Category: Rheumatology

What’s New With Psoriatic Arthritis?

Psoriatic arthritis (PsA) is a somewhat underrepresented form of arthritis in most rheumatology practices. However, it seems to be almost as, if not more, prevalent than rheumatoid arthritis (RA) in some cases.

Attune Health founder and rheumatologist Dr. Swamy Venuturupalli breaks down our current understanding of PsA, as well as existing treatment options and the cutting-edge research being conducted in our very facility.




The simple answer is that when patients who have psoriasis, a common and debilitating form of a skin disease that causes chronic plaques, develop arthritis, the disease is coined psoriatic arthritis. There are five subtypes of PsA:

  1. Symmetric Arthritis: affects the same joint bilaterally, and can resemble RA.
  2. Asymmetric Arthritis: can occur in any joint, but not necessarily the same joint on both sides of the body.
  3. Distal Interphalangeal Predominant (DIP): involves the joints of the fingers and toes close to the nails, and is often associated with nail changes.
  4. Spondylitis: refers to inflammation of the spinal column
  5. Arthritis Mutilans: Severe, deforming, and destructive form of PsA that usually involves the small joints of hands and feet

If you or any of your friends have psoriasis and arthritis, it is important to contact your physician to be referred to a rheumatologist for a diagnosis.




One interesting thing about psoriatic arthritis is that it is often associated with metabolic syndrome, which occurs when the metabolism of the body is abnormal. Patients with this condition generally have obesity, elevated triglycerides, elevated lipid profiles, as well as elevated blood sugars and uric acid levels. The exact reason for why psoriasis and metabolic syndrome coexist is unknown, but it definitely is a complicating factor in the treatment and management of patients with both psoriasis and psoriatic arthritis.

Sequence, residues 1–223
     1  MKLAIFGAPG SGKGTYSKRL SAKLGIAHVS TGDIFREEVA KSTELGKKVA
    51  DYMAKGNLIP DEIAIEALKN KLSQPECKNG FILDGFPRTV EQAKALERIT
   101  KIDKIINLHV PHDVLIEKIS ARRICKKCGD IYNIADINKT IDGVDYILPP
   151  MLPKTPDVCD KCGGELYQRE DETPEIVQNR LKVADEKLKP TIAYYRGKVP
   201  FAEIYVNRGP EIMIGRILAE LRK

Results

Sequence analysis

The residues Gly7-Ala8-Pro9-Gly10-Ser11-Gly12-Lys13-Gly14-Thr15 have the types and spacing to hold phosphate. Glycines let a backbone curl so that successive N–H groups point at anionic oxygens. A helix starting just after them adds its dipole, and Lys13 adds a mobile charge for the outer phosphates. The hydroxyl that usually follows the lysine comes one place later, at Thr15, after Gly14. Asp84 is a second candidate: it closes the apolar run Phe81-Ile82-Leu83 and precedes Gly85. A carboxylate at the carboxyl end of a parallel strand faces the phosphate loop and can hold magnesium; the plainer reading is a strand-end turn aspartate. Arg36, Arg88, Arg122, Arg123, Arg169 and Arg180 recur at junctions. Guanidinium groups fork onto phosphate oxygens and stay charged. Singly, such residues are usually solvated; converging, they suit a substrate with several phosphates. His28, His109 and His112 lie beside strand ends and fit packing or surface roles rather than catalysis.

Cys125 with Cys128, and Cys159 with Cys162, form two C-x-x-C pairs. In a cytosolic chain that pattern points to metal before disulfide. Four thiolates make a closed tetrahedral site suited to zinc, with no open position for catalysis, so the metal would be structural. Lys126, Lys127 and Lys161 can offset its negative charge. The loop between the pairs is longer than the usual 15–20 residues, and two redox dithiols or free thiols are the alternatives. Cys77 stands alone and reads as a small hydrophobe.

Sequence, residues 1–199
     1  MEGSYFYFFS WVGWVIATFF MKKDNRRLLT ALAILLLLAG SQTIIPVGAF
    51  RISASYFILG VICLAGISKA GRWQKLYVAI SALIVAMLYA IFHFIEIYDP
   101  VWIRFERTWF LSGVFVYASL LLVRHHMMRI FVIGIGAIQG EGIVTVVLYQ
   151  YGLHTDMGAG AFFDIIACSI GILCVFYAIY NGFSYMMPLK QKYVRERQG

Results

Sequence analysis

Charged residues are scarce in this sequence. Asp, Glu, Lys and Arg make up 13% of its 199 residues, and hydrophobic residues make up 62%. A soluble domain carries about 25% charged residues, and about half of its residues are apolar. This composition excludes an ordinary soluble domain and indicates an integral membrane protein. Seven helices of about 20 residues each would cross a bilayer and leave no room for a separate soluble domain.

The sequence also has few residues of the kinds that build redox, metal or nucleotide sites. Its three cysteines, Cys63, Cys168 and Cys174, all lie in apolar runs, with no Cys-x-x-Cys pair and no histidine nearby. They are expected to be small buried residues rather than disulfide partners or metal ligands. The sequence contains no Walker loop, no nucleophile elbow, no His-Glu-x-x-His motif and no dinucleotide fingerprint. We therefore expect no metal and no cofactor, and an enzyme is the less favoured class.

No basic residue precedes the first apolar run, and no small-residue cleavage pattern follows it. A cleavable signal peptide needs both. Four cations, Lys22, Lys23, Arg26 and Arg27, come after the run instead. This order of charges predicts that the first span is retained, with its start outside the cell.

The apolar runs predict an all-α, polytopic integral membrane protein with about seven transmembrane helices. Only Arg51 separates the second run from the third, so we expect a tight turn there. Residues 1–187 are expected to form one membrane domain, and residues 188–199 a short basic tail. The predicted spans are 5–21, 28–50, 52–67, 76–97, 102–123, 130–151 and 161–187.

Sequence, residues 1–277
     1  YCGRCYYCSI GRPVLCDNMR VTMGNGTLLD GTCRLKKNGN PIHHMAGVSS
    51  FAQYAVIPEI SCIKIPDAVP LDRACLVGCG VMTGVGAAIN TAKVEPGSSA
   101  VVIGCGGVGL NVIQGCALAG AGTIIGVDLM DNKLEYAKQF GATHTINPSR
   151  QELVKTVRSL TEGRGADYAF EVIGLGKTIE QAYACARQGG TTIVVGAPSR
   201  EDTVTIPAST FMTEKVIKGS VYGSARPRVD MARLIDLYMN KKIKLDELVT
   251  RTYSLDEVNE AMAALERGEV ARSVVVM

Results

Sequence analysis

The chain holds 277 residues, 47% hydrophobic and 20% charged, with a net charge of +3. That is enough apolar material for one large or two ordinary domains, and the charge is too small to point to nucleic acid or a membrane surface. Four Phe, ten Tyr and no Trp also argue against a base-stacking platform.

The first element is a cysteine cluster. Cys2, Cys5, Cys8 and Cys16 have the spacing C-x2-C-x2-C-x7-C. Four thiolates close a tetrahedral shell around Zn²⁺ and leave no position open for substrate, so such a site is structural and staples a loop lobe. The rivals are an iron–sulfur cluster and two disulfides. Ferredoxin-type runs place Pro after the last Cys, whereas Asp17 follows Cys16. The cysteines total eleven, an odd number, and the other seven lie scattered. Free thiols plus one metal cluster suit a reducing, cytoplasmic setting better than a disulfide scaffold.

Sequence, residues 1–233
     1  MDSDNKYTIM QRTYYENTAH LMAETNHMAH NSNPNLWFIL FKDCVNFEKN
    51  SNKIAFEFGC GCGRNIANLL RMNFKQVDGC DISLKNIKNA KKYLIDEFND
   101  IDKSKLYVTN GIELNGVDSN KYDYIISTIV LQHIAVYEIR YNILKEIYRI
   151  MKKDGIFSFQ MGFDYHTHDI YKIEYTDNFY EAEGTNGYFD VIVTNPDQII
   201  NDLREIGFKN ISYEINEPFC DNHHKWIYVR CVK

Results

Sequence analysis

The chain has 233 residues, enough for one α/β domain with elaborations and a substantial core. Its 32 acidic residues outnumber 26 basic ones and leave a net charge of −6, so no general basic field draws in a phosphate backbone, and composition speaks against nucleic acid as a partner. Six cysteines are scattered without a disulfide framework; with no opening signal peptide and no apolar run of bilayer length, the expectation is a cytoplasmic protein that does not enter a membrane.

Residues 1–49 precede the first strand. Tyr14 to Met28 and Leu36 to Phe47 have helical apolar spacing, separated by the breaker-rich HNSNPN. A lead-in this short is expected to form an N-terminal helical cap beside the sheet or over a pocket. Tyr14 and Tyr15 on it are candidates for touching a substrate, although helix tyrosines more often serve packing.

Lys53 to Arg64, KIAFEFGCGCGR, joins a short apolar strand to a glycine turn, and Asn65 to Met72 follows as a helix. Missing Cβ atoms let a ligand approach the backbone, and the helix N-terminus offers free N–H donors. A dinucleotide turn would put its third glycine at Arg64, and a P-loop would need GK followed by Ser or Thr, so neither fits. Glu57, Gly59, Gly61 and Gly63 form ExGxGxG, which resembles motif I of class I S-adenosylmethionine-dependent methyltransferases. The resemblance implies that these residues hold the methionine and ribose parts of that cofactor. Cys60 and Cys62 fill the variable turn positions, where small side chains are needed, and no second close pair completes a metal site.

The good news is that there are many treatments available for psoriasis and PsA. For example, a lot of patients generally get treated with methotrexate. Additionally, TNF blockers are extremely effective for both the skin and the joint disease, and have been in the therapeutic paradigm for several years.

A recent study presented at the American College of Rheumatology (ACR) annual meeting in 2018 showed that there was not much difference between Enbrel, a common TNF blocker, monotherapy and methotrexate monotherapy, though these differences were still considered to be statistically significant. Moreover, the combination therapy did not seem to add much relative to monotherapy in isolation. Thus, methotrexate is a reasonable treatment option.

In addition, there are several other medicines that can be used for PsA and psoriasis, including Stelara or Ustekinumab, which works on the cytokines IL-12 and IL-23 that are instrumental in the pathology of PsA. Another drug class is anti-IL 17 therapy, which includes the drugs Taltz (Ixekizumab) and Cosenytx (Secukinumab).

While the molecule Otezla has been found to be effective for both psoriasis and PsA, its effect on PsA was unfortunately more mild. This is an interesting molecule because, unlike other drugs, it is not immunosuppressive and works as an inhibitor for the phosphodiesterase 4 system. Of note, it is also an oral drug.

Lastly, JAK inhibitors such as Xeljanz (Tofacitinib) seem to have an effect on PsA.




Attune Health is pleased to inform you that we are performing advanced research studies on PsA in our facility. For instance, we are studying patients with PsA using ultrasound technology to measure disease activity and also collecting synovial biopsy specimens to understand the basic mechanism of the disease. Furthermore, we are also trying out some of the advanced Biologic therapeutic options such as Cosentyx for PsA.

If you have any further questions about the clinical trials or would like to refer a friend or a family member, please give us a call at (424) 666-2653 or email [email protected].